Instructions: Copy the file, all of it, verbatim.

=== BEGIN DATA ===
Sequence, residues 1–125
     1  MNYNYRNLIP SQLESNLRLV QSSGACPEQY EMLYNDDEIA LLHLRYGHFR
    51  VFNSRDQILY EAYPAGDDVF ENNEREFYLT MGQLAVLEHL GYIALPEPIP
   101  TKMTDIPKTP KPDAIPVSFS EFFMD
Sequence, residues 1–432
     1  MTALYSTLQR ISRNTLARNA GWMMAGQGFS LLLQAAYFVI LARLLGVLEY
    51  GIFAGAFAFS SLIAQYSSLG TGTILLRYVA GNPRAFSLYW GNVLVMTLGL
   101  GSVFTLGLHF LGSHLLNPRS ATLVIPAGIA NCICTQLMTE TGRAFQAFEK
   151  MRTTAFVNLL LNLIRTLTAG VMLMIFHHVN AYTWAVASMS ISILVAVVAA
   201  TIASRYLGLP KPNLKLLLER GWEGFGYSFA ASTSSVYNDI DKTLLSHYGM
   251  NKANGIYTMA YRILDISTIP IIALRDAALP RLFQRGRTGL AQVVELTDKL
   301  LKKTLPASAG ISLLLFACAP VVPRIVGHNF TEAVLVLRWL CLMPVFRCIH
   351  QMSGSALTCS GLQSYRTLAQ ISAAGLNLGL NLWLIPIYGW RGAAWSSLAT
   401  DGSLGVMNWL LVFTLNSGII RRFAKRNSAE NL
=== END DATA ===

Sequence, residues 1–125
     1  MNYNYRNLIP SQLESNLRLV QSSGACPEQY EMLYNDDEIA LLHLRYGHFR
    51  VFNSRDQILY EAYPAGDDVF ENNEREFYLT MGQLAVLEHL GYIALPEPIP
   101  TKMTDIPKTP KPDAIPVSFS EFFMD
Sequence, residues 1–432
     1  MTALYSTLQR ISRNTLARNA GWMMAGQGFS LLLQAAYFVI LARLLGVLEY
    51  GIFAGAFAFS SLIAQYSSLG TGTILLRYVA GNPRAFSLYW GNVLVMTLGL
   101  GSVFTLGLHF LGSHLLNPRS ATLVIPAGIA NCICTQLMTE TGRAFQAFEK
   151  MRTTAFVNLL LNLIRTLTAG VMLMIFHHVN AYTWAVASMS ISILVAVVAA
   201  TIASRYLGLP KPNLKLLLER GWEGFGYSFA ASTSSVYNDI DKTLLSHYGM
   251  NKANGIYTMA YRILDISTIP IIALRDAALP RLFQRGRTGL AQVVELTDKL
   301  LKKTLPASAG ISLLLFACAP VVPRIVGHNF TEAVLVLRWL CLMPVFRCIH
   351  QMSGSALTCS GLQSYRTLAQ ISAAGLNLGL NLWLIPIYGW RGAAWSSLAT
   401  DGSLGVMNWL LVFTLNSGII RRFAKRNSAE NL